Use of words in misuse of power

No-one who sincerely believes he has something important to say will willingly run the risk of being misunderstood.

Peter Medawar, Pluto’s republic.

I’ve recently spent much time attempting to unravel ambiguity that appears to be wilful camouflage for falsehood. For example, I and others are assured that there is no distinction between a request and an instruction. “Any difference is just a matter of semantics”.

In a radio presentation yesterday, Will Self outlined his view that George Orwell exemplified boring mediocrity. Self seemed to reserve special scorn for Orwell’s Politics and the English Language.

Why Orwell Is the Supreme Mediocrity

I think I recall a remark, near the end:-

Clarity… in the act of revealing one truth, it necessarily obscures many others.

What complete nonsense. As if human interaction is based on arbitrary (mis)communication, and understanding can only ever be shared illusion.

In 2012, my good friend and colleague, Fanis Missirlis, and I were alleged to have sought to bring individuals into disrepute. Though we knew the allegation to be false, advocates of the proposition claimed it remained true, since there is no distinction between sought to bring and brought.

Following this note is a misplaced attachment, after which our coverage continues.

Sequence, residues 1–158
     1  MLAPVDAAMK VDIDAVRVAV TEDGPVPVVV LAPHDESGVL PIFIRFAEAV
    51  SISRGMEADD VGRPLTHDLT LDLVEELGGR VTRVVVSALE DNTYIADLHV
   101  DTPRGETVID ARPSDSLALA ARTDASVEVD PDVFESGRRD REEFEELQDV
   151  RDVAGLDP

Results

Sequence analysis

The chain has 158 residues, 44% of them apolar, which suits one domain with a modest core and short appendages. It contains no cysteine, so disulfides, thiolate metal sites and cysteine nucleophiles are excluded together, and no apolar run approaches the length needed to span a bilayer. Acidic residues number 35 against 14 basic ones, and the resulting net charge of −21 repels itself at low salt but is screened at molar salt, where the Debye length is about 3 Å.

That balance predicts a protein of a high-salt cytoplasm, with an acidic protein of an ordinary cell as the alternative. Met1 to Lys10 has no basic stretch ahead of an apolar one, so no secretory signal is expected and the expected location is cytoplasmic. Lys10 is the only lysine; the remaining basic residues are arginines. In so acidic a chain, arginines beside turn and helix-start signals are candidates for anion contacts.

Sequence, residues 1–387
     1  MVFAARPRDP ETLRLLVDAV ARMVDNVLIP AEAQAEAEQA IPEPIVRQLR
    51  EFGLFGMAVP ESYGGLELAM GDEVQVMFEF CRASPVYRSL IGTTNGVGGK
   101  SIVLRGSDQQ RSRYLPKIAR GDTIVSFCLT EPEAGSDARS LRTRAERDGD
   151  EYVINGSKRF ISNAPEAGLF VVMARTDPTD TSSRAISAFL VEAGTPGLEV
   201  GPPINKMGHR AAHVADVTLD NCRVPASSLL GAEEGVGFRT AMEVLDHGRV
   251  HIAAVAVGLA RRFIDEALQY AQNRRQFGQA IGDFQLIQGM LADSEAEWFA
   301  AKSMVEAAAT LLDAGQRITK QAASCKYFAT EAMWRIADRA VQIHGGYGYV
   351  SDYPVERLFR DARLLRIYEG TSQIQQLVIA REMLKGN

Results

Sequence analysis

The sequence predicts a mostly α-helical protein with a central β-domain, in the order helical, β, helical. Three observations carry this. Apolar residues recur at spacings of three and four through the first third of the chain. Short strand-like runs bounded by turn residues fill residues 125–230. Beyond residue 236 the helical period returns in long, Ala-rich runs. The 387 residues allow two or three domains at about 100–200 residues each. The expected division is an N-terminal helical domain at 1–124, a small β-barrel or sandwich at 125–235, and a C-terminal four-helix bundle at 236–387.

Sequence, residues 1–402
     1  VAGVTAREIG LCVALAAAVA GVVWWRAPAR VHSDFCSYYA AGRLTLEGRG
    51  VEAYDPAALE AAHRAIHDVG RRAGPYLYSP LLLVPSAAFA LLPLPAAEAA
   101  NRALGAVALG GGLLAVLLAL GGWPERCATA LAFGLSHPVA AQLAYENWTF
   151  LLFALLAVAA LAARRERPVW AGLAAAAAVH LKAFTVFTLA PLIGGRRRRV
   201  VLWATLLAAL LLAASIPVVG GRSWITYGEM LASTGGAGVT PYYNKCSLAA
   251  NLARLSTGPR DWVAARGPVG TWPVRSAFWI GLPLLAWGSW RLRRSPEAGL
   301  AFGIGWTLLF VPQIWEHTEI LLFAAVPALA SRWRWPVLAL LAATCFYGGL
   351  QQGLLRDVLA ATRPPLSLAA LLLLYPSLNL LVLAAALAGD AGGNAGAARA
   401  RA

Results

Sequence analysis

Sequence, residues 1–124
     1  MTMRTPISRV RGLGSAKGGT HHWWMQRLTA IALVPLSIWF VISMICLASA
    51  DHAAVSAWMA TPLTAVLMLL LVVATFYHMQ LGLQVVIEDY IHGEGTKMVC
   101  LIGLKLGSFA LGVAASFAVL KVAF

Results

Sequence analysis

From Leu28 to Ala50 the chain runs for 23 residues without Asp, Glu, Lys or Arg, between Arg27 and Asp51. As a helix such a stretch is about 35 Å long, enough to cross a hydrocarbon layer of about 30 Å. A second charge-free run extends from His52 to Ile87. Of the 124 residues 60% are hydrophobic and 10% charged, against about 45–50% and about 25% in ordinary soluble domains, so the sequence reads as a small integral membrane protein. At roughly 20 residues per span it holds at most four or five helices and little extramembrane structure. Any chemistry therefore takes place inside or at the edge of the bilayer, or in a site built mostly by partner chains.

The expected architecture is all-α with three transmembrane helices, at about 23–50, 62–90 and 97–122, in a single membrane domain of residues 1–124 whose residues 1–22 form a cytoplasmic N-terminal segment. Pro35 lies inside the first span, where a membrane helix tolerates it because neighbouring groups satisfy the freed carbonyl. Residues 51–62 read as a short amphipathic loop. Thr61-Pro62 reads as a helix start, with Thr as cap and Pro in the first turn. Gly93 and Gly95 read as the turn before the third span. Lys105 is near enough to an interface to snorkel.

Some, deeply unhappy with a disciplinary investigation’s failure to uphold the allegation, asked, rhetorically, how just one word could make a difference.

In a prior conversation with Fanis on the importance of the meaning of words, I think I said something like:-

Who says “Words don’t matter”..? …Words are all we have as a means by which to communicate with each other in an otherwise lonely universe.

Fanis kindly recalls this:-

In relation to the title of Orwell’s essay, to Self’s disdain for clarity, and to the mangling of language by those who misuse power, I recommend a tweet by Hugh Laurie.

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